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02 août 2005

A country field with a view across the planet

Financial Times
Arts & Weekend / Art, music & theatre

By David Honigmann

... Youssou N'Dour and his band, Super Etoile de Dakar, exerted a magnetic attraction. N'Dour opened with a song in praise of Cheikh Ahmadou Bamba, and also slipped in a mention of Womad's chieftains Peter Gabriel and Thomas Brooman. "Salaam aleikum," he chanted. "Peace to all, not just to Muslims."

The early ominous synthesiser chords were superseded by a storming set from Super Etoile, whose combination of stuttering firecracker drum attack and curiously old-fashioned guitar breaks sets the backdrop for N'Dour's commanding tenor, rising above the clatter in benediction. The band were as lock-tight as might be expected, given that in Senegal they play multi-hour sets most nights.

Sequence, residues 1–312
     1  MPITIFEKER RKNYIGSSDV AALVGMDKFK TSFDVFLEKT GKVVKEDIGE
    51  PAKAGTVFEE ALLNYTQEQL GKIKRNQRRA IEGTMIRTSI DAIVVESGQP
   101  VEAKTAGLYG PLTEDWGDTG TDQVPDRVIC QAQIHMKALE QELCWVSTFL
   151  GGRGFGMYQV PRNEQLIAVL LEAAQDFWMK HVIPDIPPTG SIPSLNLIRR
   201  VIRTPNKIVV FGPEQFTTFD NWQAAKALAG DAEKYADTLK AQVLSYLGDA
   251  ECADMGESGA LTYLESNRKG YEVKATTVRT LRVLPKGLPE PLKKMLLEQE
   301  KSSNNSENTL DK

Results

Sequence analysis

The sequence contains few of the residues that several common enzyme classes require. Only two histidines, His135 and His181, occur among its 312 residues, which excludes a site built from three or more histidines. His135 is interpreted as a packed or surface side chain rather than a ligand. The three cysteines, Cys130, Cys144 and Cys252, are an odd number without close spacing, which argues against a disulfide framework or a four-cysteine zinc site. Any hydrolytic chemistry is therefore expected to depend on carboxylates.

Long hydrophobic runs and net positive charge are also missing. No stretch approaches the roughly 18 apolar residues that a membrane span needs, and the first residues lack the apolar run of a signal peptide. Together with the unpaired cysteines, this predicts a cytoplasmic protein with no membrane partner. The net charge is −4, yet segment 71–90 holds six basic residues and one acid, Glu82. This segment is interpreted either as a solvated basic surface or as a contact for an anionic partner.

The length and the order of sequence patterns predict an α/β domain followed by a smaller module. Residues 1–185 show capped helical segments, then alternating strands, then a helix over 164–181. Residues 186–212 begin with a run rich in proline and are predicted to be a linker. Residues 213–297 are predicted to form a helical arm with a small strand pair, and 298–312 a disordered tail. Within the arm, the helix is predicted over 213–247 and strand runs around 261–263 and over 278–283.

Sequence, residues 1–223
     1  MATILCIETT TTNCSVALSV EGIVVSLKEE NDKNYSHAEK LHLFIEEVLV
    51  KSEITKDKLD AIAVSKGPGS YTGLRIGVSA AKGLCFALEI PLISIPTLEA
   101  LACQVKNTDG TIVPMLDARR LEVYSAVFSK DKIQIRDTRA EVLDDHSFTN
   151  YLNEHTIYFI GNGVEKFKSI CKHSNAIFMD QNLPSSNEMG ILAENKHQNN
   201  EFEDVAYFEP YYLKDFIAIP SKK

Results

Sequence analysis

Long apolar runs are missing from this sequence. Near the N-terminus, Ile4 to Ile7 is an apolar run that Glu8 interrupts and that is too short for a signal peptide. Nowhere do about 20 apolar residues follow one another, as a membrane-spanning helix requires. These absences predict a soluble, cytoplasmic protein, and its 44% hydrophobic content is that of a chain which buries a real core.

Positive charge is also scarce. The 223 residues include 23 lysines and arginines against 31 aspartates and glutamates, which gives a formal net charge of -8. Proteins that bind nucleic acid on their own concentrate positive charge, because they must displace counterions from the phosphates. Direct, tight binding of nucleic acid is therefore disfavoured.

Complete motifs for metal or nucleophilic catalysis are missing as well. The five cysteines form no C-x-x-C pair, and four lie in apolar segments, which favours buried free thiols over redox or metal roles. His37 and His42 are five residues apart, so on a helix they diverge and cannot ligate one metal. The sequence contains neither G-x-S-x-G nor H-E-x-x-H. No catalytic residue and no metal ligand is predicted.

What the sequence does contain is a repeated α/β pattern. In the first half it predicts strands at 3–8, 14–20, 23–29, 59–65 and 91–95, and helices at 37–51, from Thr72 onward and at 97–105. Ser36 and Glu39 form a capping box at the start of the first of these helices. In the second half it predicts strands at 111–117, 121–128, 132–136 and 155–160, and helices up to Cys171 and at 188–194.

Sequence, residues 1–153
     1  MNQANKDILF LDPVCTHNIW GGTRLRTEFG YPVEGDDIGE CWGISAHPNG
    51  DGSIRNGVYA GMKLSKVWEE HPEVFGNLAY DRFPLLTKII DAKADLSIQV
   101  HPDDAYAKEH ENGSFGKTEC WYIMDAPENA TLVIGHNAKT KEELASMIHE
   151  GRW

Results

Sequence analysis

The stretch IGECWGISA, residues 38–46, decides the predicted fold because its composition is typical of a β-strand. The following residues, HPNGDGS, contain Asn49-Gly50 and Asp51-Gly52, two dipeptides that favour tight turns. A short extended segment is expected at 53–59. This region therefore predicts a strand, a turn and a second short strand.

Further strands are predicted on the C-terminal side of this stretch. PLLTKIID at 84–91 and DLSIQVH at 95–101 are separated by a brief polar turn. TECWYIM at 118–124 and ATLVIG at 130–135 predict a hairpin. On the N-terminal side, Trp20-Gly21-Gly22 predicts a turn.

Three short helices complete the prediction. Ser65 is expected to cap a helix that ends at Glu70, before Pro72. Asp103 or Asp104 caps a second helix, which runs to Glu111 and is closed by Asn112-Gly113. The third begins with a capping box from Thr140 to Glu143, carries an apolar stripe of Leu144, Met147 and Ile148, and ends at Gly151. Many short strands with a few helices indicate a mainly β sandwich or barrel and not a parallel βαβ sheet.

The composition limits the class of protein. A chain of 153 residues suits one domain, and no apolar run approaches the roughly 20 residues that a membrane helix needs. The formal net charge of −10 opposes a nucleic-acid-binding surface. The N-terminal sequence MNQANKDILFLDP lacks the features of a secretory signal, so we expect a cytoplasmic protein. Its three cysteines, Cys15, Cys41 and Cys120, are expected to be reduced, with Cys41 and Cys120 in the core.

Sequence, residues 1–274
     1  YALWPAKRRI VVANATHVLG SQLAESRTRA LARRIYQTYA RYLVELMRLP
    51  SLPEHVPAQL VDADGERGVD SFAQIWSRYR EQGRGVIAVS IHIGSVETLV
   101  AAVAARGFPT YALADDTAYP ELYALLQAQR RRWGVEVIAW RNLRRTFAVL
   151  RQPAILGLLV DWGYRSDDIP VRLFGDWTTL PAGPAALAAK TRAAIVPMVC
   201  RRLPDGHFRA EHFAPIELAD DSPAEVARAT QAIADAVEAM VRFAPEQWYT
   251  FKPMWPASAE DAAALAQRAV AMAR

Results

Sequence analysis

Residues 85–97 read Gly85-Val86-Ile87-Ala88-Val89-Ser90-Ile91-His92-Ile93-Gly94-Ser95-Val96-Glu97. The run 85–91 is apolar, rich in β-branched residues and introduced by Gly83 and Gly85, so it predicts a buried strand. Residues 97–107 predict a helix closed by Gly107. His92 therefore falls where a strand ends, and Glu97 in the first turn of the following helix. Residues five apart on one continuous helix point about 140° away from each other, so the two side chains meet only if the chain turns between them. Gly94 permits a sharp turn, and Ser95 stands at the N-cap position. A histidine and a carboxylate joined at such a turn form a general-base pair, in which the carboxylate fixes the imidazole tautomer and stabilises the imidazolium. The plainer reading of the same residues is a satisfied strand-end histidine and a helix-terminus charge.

Purists sniff at "7 Seconds", N'Dour's chart hit duet with Neneh Cherry. But when he sang it here, his voice fracturing into seven syllables on the "million" of "a million voices", the thousands of voices joining in the chorus must have echoed off the Cotswolds. Djanka Djibe, singing the female part, replaced Cherry's boho sass with nu-soul diva hauteur: as she spiralled baroquely upwards on the last verse, even N'Dour watched in admiration.

N'Dour's newest west African rivals, the blind couple Amadou and Mariam, continued their irresistible rise with a set as bouncy as two toddlers jumping on a mattress. Their quieter blues numbers were swamped by enthusiastic orchestration, but "Coulibaly" and "Ko Be Na Touma Do" shone through....

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